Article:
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Serratus: Paying Attention To Detail

Updated on January 31, 2012

The serratus is a set of muscles, which connects the lats, pectorals, intercostals, and external obliques. The serratus muscles are occasionally called the "boxer's muscle" because it is used to extend the arm and deliver the greatest punch at the greatest reach.

The muscle originates on the surface of the upper eight or nine ribs at the side of the chest and inserts along the entire anterior length of the scapula (shoulder blade). The muscles attaching to the rib cage and the edge of the underside of the scapula assists in rotating the scapula (glenoid fossa) upward and protraction and stabilization. It counters the action of the rhomboid muscle.

When you put your arm over your head, this muscle helps to rotate the scapula up and keep it close to your rib cage. If this muscle becomes paralyzed, the scapula will wing out.

Kinesiology & Physiology

In bodybuilding, the serratus muscles are the hardest to develop, because they are not exposed until you have become lean, strong, and flexible.  If you look at bodybuilders or boxers, their serratus muscles are well developed from years of hard work, dedication and focus on fitness goals.

If you're using weight training as a means of exercise, which is what this series of hubs is aimed at, you don't really need to pay attention to the serratus. They'll take care of themselves. There are a lot of shoulder, chest and tricep (such as dips) exercises that will impact on this small muscle group. It's only when you're very muscular, and very lean, and pursuing bodybuilding as a competitive sport or for developing a jaw dropping physique (be it for acting or modeling), that you should make a determined effort to hit these small but impressive muscles.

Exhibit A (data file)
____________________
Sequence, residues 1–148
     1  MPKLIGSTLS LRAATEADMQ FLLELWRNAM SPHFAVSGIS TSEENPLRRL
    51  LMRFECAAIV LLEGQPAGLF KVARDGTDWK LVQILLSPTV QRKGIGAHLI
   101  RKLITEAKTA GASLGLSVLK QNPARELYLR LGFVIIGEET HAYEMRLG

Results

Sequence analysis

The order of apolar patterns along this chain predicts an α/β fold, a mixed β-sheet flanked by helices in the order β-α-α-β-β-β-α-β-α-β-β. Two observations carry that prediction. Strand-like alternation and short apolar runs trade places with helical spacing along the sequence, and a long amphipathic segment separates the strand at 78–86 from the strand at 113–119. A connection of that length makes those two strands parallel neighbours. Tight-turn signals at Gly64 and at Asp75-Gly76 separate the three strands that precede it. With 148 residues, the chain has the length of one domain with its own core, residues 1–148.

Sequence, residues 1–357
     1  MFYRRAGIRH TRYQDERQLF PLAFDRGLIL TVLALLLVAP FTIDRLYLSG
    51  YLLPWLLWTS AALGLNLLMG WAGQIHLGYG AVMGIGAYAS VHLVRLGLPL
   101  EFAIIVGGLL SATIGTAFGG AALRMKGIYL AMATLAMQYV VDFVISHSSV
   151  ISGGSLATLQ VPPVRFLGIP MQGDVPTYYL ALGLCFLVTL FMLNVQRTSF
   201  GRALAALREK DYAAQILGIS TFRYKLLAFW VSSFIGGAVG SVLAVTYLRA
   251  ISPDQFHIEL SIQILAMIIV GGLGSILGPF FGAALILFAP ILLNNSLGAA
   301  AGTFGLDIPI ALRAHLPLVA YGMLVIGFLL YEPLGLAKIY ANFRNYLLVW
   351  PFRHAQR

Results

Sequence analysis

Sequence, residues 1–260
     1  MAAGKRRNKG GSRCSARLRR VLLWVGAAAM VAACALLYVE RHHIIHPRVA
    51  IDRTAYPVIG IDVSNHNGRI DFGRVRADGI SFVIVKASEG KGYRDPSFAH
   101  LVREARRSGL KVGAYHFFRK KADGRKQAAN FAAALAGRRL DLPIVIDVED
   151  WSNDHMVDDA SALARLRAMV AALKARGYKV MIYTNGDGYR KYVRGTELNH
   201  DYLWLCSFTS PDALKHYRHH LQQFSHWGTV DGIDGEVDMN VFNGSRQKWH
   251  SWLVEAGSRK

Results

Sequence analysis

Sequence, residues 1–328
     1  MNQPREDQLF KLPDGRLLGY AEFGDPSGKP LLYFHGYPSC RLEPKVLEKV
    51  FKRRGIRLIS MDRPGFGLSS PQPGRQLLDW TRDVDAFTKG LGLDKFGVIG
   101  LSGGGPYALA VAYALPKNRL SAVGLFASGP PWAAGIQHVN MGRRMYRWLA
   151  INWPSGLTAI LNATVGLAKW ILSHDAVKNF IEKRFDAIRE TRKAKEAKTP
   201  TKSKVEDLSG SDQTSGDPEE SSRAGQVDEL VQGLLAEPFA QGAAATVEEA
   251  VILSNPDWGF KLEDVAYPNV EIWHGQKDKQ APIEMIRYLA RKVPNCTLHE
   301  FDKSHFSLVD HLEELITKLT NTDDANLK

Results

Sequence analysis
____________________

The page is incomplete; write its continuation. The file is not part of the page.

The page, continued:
Click thumbnail to view full-size
1. Abdominals, 2. Serratus, 3. Intercostals, 4. Obliques
1. Abdominals, 2. Serratus, 3. Intercostals, 4. Obliques
1. Abdominals, 2. Serratus, 3. Intercostals, 4. Obliques


Specific ab exercises that targets the serratus are rope crunches and twisting crunches. The serratus aren't easy to train and will only show after diligent work and severe fat loss.

Dips, chest dumbbell pullovers and push-ups will also help. Close grip chins will hit lower lats and also the serratus.

Here's a few extra videos to help with developing your own serratus workout regime.


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    • Research Analyst profile image

      Research Analyst 

      10 years ago

      Love the intro photo, wow, that guy is ripped! I used to watch body building competitions for the artistic body parts. LOL

    • darkside profile imageAUTHOR


      10 years ago from Australia

      Am I a fine example of my exercise articles?

      I hope to be. We'll see by the end of the year.

      Obliques and abdominals are the hardest for me.

    • frogdropping profile image


      10 years ago

      Darkside - I over-extended my obliques and serratus by way of children. Not that I'm horrendous. They just seem to require more work (to recover them) than I'm willing to put in.

      Are you a fine example of all your exercise articles?

    • mayhmong profile image


      10 years ago from North Carolina

      I'm sorry, I couldn't concentrate on reading this hub, due to them sexy looking abs there! But I did managed to view some videos. I want to try out a few of them without putting up with the equipments.


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